West Coast sea nettle
The West Coast sea nettle (Chrysaora fuscescens), also known as the Pacific sea nettle, is a type of Scyphozoa which lives in the Pacific Ocean. For humans its sting is usually irritating, but rarely dangerous.
|West Coast sea nettle|
|The Pacific sea nettle (Chrysaora fuscescens).|
The West Coast sea nettle is found near the coasts of California and Oregon, but some live in the waters north to the Gulf of Alaska, west to the seas around Japan and south to the Baja California Peninsula.
The West Coast sea nettle have a golden-brown bell with a little shade of red. In the wild, the bell can grow to be larger than one meter (three feet) in diameter, but most are less than 50 cm. The long white arms and the 24 maroon tentacles may be as long as 3.6 to 4.6m (12 to 15 feet).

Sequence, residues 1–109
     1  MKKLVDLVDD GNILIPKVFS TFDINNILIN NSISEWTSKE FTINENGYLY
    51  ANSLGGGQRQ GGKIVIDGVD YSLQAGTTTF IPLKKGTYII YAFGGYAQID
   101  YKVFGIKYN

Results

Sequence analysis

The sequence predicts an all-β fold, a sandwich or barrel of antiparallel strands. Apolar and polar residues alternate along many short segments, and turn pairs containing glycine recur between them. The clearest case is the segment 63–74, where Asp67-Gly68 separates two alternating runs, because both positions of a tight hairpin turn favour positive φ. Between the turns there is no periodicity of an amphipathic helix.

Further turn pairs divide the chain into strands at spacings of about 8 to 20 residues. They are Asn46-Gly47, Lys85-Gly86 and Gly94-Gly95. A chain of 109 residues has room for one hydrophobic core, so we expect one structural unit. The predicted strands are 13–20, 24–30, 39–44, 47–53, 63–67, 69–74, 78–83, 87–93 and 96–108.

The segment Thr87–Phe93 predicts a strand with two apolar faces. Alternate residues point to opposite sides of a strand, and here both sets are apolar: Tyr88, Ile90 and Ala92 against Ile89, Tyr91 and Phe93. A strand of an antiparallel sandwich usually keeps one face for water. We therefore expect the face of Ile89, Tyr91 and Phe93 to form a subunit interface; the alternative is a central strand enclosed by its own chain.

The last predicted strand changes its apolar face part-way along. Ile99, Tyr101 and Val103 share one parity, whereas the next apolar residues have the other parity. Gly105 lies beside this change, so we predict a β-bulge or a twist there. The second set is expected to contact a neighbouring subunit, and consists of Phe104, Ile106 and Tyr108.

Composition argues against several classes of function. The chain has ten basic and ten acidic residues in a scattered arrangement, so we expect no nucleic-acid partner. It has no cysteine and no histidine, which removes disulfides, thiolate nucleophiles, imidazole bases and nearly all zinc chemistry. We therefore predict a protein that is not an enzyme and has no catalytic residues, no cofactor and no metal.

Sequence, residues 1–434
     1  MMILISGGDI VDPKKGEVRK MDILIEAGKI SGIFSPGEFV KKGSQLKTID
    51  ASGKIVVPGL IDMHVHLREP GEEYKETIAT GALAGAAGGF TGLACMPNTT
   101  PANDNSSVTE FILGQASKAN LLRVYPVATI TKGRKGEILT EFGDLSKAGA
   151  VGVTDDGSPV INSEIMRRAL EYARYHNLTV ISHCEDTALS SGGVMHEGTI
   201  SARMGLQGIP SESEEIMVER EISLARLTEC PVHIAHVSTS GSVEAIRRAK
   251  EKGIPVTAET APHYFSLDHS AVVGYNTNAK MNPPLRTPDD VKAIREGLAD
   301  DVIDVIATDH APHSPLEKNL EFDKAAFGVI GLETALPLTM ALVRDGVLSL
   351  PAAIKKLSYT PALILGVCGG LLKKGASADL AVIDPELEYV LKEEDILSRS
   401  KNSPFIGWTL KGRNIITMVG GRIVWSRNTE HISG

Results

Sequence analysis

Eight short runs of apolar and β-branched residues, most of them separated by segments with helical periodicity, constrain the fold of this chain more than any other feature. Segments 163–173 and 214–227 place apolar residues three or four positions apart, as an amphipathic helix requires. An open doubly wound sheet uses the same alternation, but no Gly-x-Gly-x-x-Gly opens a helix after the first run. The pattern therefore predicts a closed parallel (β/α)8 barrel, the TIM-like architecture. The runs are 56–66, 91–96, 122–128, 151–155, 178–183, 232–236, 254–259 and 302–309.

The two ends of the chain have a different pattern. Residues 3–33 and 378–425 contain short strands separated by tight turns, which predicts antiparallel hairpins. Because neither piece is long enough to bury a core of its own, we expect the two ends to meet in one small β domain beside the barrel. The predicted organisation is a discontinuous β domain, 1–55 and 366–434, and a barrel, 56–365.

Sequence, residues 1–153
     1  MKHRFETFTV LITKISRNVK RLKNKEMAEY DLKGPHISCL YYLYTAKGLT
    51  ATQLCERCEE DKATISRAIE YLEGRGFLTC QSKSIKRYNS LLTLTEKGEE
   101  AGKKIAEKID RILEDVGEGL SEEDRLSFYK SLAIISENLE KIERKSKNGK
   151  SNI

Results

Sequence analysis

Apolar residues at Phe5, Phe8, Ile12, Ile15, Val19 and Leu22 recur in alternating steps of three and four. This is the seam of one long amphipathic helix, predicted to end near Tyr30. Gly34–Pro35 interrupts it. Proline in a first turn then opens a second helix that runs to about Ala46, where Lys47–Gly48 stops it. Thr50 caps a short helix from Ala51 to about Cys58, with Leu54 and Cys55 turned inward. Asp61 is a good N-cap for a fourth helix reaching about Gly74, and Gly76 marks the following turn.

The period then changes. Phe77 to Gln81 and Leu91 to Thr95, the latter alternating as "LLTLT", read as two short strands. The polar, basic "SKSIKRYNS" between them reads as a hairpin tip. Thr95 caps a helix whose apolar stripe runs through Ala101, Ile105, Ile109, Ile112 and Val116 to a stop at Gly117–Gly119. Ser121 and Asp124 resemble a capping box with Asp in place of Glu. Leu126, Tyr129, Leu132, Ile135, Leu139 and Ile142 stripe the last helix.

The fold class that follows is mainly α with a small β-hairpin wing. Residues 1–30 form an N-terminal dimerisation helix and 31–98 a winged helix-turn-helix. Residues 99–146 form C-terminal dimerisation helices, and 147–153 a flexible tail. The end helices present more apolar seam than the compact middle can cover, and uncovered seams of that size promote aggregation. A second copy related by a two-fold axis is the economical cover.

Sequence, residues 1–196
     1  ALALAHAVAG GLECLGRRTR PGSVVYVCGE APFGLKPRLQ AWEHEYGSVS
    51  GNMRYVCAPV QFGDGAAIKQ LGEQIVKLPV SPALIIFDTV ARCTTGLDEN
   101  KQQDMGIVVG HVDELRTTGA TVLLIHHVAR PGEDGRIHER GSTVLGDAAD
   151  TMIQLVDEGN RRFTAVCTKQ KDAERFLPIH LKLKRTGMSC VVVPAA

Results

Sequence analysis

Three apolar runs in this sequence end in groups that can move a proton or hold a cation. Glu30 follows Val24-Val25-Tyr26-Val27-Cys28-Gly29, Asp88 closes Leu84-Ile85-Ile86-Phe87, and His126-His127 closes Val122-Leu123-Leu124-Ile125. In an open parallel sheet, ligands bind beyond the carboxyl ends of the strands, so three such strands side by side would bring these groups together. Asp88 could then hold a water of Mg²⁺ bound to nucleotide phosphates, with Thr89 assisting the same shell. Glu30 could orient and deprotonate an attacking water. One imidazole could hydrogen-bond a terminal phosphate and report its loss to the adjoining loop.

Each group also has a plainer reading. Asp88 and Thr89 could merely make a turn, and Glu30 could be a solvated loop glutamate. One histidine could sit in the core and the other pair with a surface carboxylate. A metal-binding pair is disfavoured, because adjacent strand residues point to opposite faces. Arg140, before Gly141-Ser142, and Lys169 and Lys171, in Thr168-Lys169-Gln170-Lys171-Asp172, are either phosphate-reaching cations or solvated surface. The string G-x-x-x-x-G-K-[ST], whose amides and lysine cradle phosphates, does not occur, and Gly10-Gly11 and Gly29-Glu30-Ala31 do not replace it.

Like most Cnidaria, the West Coast sea nettle is carnivorous. They catch their prey by using their Nematocyst-laden tentacles. The toxin(poison) in their Nematocyst are effective against their prey and humans. Since West Coast sea nettles can not chase their prey, they must eat as they drift, by spreading out their tentacles like a large net, the West Coast sea nettle is able to catch food as it passes by. When a prey brushes against the tentacles, thousands of nematocysts are released, launching barbed stingers which release a paralyzing toxin, then the oral arms begin digestion as they push the prey into the West Coast sea nettle's mouth. The West Coast sea nettle feeds on different types of zooplankton, crustaceans, salps, pelagic snails, small fish as well as their eggs and larvae, and other jellyfish.